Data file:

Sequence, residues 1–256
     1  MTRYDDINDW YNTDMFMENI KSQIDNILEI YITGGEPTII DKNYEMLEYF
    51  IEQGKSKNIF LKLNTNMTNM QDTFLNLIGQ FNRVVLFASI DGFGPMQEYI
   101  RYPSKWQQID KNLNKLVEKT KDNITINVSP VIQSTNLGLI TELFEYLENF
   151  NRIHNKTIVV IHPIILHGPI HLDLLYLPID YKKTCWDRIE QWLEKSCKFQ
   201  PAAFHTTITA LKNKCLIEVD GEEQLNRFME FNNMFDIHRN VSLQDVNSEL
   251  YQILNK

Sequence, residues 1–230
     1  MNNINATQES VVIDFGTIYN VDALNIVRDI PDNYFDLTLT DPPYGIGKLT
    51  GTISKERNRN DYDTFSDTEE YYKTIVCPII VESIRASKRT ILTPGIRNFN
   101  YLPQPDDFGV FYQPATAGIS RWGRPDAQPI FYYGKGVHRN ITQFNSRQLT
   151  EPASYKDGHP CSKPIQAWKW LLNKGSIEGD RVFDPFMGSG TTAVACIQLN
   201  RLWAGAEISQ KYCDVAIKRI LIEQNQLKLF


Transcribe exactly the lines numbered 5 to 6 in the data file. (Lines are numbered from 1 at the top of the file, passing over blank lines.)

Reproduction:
   151  NRIHNKTIVV IHPIILHGPI HLDLLYLPID YKKTCWDRIE QWLEKSCKFQ
   201  PAAFHTTITA LKNKCLIEVD GEEQLNRFME FNNMFDIHRN VSLQDVNSEL